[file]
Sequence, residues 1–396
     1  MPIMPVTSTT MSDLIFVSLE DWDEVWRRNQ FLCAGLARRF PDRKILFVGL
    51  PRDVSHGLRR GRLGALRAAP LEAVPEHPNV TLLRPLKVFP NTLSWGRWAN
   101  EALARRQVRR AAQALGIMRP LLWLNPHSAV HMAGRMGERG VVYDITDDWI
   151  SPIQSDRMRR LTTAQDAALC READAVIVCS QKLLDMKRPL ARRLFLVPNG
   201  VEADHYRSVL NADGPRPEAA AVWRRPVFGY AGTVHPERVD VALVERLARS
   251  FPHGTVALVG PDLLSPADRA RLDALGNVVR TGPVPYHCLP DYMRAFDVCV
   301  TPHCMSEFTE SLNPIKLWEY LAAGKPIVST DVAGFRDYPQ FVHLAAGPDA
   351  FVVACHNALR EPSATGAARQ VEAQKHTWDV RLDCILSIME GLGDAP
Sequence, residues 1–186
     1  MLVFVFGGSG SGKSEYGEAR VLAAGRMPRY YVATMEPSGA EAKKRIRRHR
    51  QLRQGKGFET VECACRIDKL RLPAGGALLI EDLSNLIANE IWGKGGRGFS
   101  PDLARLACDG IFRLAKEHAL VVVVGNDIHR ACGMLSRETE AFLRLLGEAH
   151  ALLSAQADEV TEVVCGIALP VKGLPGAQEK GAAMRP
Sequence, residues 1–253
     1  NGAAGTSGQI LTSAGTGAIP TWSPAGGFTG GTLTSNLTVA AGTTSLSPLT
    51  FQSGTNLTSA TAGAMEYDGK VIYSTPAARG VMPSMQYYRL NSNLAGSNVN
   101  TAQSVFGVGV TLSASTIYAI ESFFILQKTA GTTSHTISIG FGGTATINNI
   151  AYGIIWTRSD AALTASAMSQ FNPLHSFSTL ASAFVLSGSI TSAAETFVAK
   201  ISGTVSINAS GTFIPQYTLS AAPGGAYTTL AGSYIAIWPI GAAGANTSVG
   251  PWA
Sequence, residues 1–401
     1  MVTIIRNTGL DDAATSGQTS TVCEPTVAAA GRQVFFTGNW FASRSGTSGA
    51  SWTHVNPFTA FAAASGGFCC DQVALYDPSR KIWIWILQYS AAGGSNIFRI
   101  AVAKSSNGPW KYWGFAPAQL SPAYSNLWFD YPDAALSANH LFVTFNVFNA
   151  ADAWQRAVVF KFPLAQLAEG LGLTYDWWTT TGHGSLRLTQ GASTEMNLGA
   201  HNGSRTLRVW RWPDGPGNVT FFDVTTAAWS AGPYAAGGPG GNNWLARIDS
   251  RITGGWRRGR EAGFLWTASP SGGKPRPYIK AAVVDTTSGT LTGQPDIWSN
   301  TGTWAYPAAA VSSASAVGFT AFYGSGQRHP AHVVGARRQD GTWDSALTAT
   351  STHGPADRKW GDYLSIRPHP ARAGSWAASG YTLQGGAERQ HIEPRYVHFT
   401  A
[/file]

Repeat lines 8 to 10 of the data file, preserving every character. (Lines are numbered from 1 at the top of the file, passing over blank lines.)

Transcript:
   301  TPHCMSEFTE SLNPIKLWEY LAAGKPIVST DVAGFRDYPQ FVHLAAGPDA
   351  FVVACHNALR EPSATGAARQ VEAQKHTWDV RLDCILSIME GLGDAP
Sequence, residues 1–186